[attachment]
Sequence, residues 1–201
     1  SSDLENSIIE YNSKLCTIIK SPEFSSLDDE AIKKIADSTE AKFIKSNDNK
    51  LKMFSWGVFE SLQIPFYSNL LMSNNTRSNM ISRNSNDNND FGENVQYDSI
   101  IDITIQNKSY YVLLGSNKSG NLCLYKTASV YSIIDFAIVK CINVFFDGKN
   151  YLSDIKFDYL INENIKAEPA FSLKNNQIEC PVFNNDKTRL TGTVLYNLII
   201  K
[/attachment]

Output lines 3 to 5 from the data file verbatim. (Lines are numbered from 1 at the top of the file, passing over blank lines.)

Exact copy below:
    51  LKMFSWGVFE SLQIPFYSNL LMSNNTRSNM ISRNSNDNND FGENVQYDSI
   101  IDITIQNKSY YVLLGSNKSG NLCLYKTASV YSIIDFAIVK CINVFFDGKN
   151  YLSDIKFDYL INENIKAEPA FSLKNNQIEC PVFNNDKTRL TGTVLYNLII